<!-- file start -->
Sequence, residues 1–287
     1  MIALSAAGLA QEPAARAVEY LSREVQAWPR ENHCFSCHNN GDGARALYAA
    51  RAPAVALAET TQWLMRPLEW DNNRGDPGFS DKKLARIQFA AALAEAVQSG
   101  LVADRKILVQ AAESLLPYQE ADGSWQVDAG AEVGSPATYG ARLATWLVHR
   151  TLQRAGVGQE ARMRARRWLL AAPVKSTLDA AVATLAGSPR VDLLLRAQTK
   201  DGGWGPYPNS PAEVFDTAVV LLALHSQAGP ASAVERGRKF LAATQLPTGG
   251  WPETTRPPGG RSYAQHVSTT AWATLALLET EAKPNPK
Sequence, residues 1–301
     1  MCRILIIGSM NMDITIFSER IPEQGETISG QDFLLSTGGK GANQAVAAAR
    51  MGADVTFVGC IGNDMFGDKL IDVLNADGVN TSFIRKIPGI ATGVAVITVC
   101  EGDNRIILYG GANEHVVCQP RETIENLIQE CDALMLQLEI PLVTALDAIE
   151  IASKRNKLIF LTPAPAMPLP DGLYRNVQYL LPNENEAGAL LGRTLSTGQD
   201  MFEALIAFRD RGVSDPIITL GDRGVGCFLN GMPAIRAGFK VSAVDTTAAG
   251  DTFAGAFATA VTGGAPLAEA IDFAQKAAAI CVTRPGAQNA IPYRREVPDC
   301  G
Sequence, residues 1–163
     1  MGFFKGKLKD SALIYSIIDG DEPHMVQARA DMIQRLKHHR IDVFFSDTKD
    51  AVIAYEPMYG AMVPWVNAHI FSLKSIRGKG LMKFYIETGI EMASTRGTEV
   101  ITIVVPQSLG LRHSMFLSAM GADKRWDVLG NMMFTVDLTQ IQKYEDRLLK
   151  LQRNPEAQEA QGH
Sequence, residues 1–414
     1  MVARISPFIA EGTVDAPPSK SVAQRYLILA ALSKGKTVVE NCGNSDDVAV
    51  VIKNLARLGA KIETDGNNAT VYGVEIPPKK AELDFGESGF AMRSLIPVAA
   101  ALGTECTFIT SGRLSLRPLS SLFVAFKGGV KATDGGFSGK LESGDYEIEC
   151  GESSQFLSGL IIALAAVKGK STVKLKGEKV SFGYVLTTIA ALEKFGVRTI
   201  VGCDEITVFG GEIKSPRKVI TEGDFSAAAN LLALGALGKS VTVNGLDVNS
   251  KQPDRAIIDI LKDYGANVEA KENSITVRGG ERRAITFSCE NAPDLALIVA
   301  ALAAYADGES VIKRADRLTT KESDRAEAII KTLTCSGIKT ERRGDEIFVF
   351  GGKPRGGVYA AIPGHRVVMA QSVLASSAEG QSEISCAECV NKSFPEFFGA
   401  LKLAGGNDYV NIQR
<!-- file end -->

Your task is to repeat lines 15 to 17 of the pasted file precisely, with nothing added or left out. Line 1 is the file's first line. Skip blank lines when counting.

   301  G
Sequence, residues 1–163
     1  MGFFKGKLKD SALIYSIIDG DEPHMVQARA DMIQRLKHHR IDVFFSDTKD